Bulldogs’ Edwards picked first overall in NBA draft

Georgia guard Anthony Edwards (right) is headed to the NBA.   Curtis Compton/ccompton@ajc.com
Georgia guard Anthony Edwards (right) is headed to the NBA. Curtis Compton/ccompton@ajc.com

Credit: ccompton@ajc.com

Credit: ccompton@ajc.com

There’s no question about Anthony Edwards’ scoring ability. Now the former Georgia star has to prove he can play defense, too.

The 19-year-old shooting guard was the first overall pick in the NBA draft Wednesday night. He was selected by the Minnesota Timberwolves.

Edwards watched the draft while seated next to portraits of his late mother and grandmother. They both died of cancer.

“As far as just being excited and just being happy and ready to go and ready to work and ready to get there as soon as possible, those emotions were overwhelming with just my mother and grandmother being there,” Edwards said. “I mean, it was just a dream come true and just a blessing.”

Edwards became the first UGA player to be picked No. 1. Hall of Famer Dominique Wilkins went third to the Utah Jazz in 1982, who traded him to the Hawks.

Georgia has now had eight first-round picks, including four other top-10 picks: Wilkins, Kentavious Caldwell-Pope (No. 8 in 2013), Jarvis Hayes (10, 2003), Willie Anderson (10, 1998), Alec Kessler (12, 1990), Vern Fleming (18, 1984) and Jumaine Jones (27, 1999).

ExploreBradley: Edwards remains a bit of a riddle

Edwards was the nation’s top-scoring freshman last season and was named the SEC freshman of the year. In 32 games for the Bulldogs, he averaged 19.1 points, 5.2 rebounds and 2.8 assists.

“He’s just scratching the surface, he really is,” Georgia coach Tom Crean said.

The 6-foot-5, 225-pound Edwards, who played at Holy Spirit Preparatory School, has the ability to score from all over the court. He put it all on display six games into his college career, going for 33 of his 37 points after halftime in a one-man show in a loss to then-No. 3 Michigan State.

Edwards’ efficiency and consistency are questions. He shot just 40.2% from the field and made at least half his shots only seven times in 32 games. He also shot just 29.4% from 3-point range, including empty lines in losses to LSU (1 for 12), Mississippi (1 for 9), South Carolina (0 for 7) and Alabama (0 for 6).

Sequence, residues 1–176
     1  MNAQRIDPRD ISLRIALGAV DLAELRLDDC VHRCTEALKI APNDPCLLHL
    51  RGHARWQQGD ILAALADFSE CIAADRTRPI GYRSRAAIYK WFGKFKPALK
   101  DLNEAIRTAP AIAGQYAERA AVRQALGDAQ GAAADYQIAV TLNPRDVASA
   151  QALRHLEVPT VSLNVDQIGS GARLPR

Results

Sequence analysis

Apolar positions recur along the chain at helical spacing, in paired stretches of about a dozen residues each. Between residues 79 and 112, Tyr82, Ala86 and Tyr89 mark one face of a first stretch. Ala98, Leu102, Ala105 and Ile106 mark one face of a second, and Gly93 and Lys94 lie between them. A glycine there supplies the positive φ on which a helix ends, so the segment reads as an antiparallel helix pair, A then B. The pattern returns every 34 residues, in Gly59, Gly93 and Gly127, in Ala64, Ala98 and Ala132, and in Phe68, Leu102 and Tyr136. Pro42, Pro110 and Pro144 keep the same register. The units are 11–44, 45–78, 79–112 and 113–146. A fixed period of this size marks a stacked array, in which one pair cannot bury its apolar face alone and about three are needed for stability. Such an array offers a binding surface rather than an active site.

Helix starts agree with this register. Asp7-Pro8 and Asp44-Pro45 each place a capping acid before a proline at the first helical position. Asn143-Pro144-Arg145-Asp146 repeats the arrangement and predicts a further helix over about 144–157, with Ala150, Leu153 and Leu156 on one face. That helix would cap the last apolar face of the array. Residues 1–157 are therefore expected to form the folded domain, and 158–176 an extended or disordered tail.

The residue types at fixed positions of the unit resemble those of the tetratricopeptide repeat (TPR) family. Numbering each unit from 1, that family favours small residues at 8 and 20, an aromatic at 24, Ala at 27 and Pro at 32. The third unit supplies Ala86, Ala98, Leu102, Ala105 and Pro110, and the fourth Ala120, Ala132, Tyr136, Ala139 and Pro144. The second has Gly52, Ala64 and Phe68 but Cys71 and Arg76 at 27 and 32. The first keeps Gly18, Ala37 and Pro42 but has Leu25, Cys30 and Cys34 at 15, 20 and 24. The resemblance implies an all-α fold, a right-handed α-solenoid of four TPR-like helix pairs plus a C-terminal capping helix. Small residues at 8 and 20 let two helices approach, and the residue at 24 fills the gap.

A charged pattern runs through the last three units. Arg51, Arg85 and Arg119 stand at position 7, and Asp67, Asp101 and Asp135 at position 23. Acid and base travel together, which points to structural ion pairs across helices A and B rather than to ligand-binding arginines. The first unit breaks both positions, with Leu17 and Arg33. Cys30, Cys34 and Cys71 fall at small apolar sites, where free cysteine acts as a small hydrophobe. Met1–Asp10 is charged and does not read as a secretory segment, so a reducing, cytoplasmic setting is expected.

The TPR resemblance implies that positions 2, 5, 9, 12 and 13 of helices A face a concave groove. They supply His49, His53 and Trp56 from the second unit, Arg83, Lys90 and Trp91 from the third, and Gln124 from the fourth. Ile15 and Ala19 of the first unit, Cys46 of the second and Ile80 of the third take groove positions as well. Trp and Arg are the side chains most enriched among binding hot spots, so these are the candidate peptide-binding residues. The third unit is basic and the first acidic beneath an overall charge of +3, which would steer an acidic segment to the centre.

In pre-draft interviews, Edwards has tried to bolster his reputation on the defensive end.

“Of the skills I bring, a lot of people don’t think I play defense,” Edwards said. “But I feel like I’m a really good defensive player.”

Edwards was the only player from a Georgia college drafted in the two rounds Wednesday.

The Golden State Warriors, stung by the news that Klay Thompson sustained another leg injury earlier Wednesday, took Memphis center James Wiseman with the second pick. They stumbled to the bottom of the league while Thompson missed the entire season with a torn ACL in his left knee.

The severity of his injury had not been revealed as the draft began but it didn’t persuade the Warriors to take another guard. Instead they went with the 7-foot-1 center who arrived as the No. 1 recruit out of high school and averaged 19.7 points and 10.7 rebounds in three games before he was suspended for eligibility reasons and eventually left the program to prepare for the draft.

LaMelo Ball then went to the Charlotte Hornets, the next stop on a lengthy basketball journey that sent the guard from high school in California to stops as a professional in Lithuania and Australia.

The Chicago Bulls took Patrick Williams of Florida State, the ACC sixth man of the year as a freshman, at No. 4. Cleveland followed with Auburn’s Isaac Okoro, another freshman, to round out the top five.

The Hawks took USC’s Onyeka Okongwu with the sixth pick. Okongwu is an explosive center/power forward with great defensive ability. He added 16.2 points, 8.6 rebounds and 2.7 blocks per game as a freshman.

The latter half of the top 10 featured a couple highly regarded international players in France’s Killian Hayes, taken by Detroit at No. 7, and Deni Avdija, the highest player to come from Israel when Washington picked him at No. 9.

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